Abandoning One of its Founding Functions, NIST Will No Longer Calibrate Mercury Thermometers

Calibrating Mercury

NIST researcher Dawn Cross calibrates a mercury thermometer using the icepoint of water as a reference. NIST will cease to offer this service on March 1, 2011.NIST

It's the end of a long and fruitful era at the National Institute of Standards and Technology. Beginning March 1, America's source for instrument and unit calibration will no longer offer calibration services for mercury thermometers, a service it has provided since its creation as the standard for all standards back in 1901.

The mercury thermometer is not a victim of the digital age, as one might think, but of a larger effort within the U.S. government to eliminate mercury thermometers altogether. You know, because it's a neurotoxin and probably shouldn't be tacked to the wall outside the back door.

Of course, mercury doesn't make the journey from thermometer directly to brain readily, but once free in the environment mercury is surprisingly stubborn. It generally makes its way into the water supply somehow, where it can find its way into bloodstreams via water itself (though treated water mitigates this) or far more likely through fish, which absorb and accumulate the stuff in their flesh before being consumed by humans.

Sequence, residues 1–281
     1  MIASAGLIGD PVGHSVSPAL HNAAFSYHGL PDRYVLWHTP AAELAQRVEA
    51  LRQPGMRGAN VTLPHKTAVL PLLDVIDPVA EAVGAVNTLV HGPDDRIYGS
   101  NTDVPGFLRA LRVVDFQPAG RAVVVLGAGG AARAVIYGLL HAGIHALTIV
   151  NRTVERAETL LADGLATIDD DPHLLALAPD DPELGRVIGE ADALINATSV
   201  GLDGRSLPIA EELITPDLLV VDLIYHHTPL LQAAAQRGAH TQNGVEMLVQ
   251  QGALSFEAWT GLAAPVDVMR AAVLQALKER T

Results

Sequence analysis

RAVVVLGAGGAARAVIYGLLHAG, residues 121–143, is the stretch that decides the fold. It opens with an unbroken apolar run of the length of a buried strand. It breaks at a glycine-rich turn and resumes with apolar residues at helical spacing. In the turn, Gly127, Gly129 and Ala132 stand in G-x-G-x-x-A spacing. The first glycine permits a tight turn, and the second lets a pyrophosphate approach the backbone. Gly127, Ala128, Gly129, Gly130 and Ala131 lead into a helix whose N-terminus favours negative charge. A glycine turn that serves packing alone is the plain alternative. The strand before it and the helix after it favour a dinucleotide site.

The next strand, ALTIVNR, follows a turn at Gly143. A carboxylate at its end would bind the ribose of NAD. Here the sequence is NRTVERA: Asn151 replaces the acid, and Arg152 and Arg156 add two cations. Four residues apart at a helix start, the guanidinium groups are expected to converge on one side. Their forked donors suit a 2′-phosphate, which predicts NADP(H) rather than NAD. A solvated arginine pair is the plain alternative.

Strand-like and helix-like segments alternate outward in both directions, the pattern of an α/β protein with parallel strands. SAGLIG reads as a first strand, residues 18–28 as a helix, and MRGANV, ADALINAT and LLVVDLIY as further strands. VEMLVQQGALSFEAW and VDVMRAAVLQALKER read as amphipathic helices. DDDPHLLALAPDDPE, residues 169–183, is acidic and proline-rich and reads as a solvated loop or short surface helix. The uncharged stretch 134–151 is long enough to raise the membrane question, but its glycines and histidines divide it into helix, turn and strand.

As such, the EPA, the NIST, and various industry and environmental groups are trying to phase out mercury thermometers completely, replacing them with digital or mercury-free liquid-in-glass alternatives. Many states are already out in front of the federal effort, having already outlawed the sale and/or transport of mercury thermometers. By cutting off calibration services, the NIST is providing yet another incentive for industry and science to turn to alternative methods of precisely measuring temperature.

Fun fact: The NIST itself is harboring some 8,000 industrial-grade mercury thermometers that are stashed away in drawers and cabinets around its offices. These are being recycled into compact fluorescent light bulbs, each of which requires just a fraction of the mercury that a thermometer needs.